DVD Review: The Death of Andy Kaufman
Release Date: July 26, 2011
Distributor: Wild Eye Releasing
· Christopher Maloney
by Chris Delloiacono
Published: September 1, 2011
My father introduced me to Taxi as a kid in the early ‘80s, so Andy Kaufman has been in my consciousness for most of my life. I have first hand memories of the crazy feud with Jerry Lawler, SNL standup, and the love story of Latka and Simka on Taxi. Although just a kid, I followed the news of Kaufman’s death and all those rumors that it was a scam. There was the Jim Carrey film “Man on the Moon” in the ‘90s and a hoax press release proclaiming he was alive a few years back. I’m not an expert in all things Andy, but I’ve certainly ridden the waves of news through the years.
“The Death of Andy Kaufman” is a documentary that doesn’t shed too much light on the eternal question: Did Andy Kaufman fake his death in 1984? This isn’t a big budget Michael Moore documentary, but instead plays more like a film school piece. Most of the footage of Kaufman is simply from the public domain and there aren’t a lot of interviews. Still it’s well researched and there’s a noble journey undertaken by writer/producer/director Christopher Maloney.
When I sat down to watch the film I assumed it would purport that Kaufman was still alive. As the first half of the film unfolds Maloney leads us in that direction. Several theories and inconsistencies in the death are illustrated, and on first glance they are compelling. The evidence is rather sketchy, but Kaufman’s own claim that he wanted to fake his death lends a small amount of credence. Most conspiracy theories look credible when the evidence is presented from one side.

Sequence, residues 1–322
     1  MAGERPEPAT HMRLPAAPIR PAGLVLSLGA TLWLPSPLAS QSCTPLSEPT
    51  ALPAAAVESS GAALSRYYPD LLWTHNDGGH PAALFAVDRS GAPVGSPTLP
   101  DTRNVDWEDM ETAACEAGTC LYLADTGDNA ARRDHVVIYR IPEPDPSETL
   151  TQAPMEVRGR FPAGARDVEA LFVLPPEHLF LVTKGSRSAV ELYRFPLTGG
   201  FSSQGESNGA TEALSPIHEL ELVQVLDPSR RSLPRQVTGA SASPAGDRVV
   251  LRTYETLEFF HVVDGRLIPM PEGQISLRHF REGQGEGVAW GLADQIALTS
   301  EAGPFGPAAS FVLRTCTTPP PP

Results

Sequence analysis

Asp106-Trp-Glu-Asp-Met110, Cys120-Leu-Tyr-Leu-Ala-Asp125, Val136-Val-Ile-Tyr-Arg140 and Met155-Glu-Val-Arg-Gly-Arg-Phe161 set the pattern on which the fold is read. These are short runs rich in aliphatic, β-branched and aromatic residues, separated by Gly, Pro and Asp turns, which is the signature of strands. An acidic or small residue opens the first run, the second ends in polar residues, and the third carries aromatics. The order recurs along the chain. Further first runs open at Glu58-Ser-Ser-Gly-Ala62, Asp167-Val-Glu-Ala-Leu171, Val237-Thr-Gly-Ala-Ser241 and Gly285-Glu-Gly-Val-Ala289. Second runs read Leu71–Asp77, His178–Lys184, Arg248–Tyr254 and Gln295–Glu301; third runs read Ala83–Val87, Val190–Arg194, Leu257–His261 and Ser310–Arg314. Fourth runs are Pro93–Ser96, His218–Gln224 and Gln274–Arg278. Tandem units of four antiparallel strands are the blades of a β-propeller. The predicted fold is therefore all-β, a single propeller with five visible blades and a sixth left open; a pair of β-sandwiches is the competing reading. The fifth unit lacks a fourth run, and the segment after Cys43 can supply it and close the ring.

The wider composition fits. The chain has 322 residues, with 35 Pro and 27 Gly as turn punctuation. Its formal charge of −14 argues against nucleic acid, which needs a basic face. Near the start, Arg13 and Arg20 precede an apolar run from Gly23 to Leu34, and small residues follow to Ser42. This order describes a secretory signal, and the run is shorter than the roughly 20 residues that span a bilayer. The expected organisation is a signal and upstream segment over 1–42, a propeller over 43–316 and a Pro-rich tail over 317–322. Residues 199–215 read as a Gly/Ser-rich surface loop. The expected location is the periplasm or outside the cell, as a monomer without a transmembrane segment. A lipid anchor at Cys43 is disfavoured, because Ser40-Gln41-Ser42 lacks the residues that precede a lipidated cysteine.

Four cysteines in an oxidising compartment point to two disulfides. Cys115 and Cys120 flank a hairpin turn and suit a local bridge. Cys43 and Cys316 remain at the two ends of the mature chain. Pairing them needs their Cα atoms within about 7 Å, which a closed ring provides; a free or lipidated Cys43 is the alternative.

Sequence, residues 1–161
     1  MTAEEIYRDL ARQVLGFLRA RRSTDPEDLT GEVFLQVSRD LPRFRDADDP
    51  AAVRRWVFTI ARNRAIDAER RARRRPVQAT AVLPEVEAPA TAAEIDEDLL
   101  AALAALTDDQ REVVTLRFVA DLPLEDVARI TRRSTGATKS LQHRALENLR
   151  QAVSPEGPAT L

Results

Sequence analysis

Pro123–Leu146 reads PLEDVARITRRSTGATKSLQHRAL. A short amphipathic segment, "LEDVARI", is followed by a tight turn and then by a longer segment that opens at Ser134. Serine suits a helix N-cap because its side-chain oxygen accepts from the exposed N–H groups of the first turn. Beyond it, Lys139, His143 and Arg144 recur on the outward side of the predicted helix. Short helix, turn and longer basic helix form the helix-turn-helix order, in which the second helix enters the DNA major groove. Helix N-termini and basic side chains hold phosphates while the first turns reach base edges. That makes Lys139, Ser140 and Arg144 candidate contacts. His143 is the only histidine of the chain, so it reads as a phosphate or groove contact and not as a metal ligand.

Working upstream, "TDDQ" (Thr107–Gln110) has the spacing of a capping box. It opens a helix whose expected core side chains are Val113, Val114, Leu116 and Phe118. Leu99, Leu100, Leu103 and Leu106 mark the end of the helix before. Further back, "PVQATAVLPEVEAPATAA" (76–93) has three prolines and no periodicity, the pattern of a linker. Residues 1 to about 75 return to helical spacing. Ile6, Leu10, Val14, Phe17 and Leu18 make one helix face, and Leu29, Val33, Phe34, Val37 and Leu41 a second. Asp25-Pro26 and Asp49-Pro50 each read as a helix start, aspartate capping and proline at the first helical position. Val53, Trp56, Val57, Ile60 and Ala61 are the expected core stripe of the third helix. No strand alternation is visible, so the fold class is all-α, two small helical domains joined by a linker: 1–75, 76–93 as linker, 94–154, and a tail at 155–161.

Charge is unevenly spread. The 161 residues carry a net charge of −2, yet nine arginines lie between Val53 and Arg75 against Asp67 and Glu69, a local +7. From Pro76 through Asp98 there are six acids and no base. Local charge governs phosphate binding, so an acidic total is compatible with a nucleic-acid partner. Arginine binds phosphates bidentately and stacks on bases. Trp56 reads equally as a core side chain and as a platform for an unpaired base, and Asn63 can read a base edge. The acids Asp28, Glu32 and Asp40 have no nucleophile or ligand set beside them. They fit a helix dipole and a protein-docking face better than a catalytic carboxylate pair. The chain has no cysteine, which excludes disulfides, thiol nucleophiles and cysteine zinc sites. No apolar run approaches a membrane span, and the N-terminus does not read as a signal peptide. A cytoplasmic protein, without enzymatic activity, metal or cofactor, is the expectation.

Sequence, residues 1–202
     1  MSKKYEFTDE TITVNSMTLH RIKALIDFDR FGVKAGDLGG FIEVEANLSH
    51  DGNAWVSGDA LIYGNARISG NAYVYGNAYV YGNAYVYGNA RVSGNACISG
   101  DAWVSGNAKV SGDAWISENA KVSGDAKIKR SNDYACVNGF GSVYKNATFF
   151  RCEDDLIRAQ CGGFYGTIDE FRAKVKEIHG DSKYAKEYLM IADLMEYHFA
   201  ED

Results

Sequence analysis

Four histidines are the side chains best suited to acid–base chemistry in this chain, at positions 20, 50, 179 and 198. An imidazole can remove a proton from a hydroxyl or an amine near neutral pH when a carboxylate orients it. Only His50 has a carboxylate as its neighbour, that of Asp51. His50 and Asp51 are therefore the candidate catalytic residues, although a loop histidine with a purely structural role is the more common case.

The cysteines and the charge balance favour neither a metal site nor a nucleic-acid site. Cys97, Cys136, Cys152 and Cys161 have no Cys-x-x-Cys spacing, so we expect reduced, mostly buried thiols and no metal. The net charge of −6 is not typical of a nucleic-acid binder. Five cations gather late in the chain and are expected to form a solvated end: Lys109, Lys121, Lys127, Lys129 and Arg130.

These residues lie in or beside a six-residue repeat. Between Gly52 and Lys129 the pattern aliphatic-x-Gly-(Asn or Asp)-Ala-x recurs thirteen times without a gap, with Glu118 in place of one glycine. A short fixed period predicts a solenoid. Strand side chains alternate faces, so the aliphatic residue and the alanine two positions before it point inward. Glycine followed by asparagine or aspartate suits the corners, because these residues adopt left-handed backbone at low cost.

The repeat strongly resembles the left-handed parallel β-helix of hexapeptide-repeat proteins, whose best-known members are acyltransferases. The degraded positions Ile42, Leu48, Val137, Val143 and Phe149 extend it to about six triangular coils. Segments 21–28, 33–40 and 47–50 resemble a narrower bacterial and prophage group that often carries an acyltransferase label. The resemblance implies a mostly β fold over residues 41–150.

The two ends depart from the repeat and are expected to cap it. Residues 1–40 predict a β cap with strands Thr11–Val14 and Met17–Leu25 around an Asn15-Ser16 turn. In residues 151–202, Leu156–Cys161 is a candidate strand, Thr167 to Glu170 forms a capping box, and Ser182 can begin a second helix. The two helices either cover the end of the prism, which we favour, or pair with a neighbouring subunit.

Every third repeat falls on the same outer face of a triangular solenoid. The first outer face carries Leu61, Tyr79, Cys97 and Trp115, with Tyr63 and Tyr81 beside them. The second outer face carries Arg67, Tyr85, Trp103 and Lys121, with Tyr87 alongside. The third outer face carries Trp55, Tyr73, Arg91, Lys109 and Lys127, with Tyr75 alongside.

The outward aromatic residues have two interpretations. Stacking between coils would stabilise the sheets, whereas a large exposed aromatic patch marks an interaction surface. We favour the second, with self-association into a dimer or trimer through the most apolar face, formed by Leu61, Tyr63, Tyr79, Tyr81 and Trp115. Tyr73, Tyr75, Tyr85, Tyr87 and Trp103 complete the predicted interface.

About halfway through the picture Maloney’s thesis takes a drastic shift. It was surprising to see, but we essentially get the other side to the argument. It even seems like it’s going to be a cursory devil’s advocate type review, but it in the end you are left with Maloney’s belief that Kaufman is in fact dead. You can make your own decision, but it’s pretty balanced reporting.
“The Death of Andy Kaufman” certainly presents both sides to the argument, but there’s not very much meat. We get interviews with a ‘friend’, a doctor, and Kaufman’s brother. I know the film was made rather cheaply, but I would have enjoyed an interview with Bob Zmuda who has continued to appear as Kaufman’s Tony Clifton character. Since the footage of Kaufman is all in the public domain it tends to be rather grainy and unenlightening. This all creates another problem: too much of the film is Maloney simply recounting information about Kaufman. There really needed to be further input from other sources.
As with most cases of supposed faked celebrity deaths there’s no real proof. It’s fun to look around for Elvis, Jim Morrison, or Andy Kaufman or wait for their stunning reappearance and subsequent media circus. Sure, it’s possible that Elvis and Jim faked their way to obscurity to escape the unwanted spotlight. Yet, if Kaufman really did fake his death, supposedly it would have been to create a massive sensation. I think the shelf life on that has long since passed.
There’s nothing particularly enlightening in this film. The special features amount to a short interview with documentarian Christopher Maloney. It’s not a terrible piece by any stretch, but it’s also not earth-shattering. If you want to learn a bit about Kaufman you may find it interesting, but it’s in no way a must buy.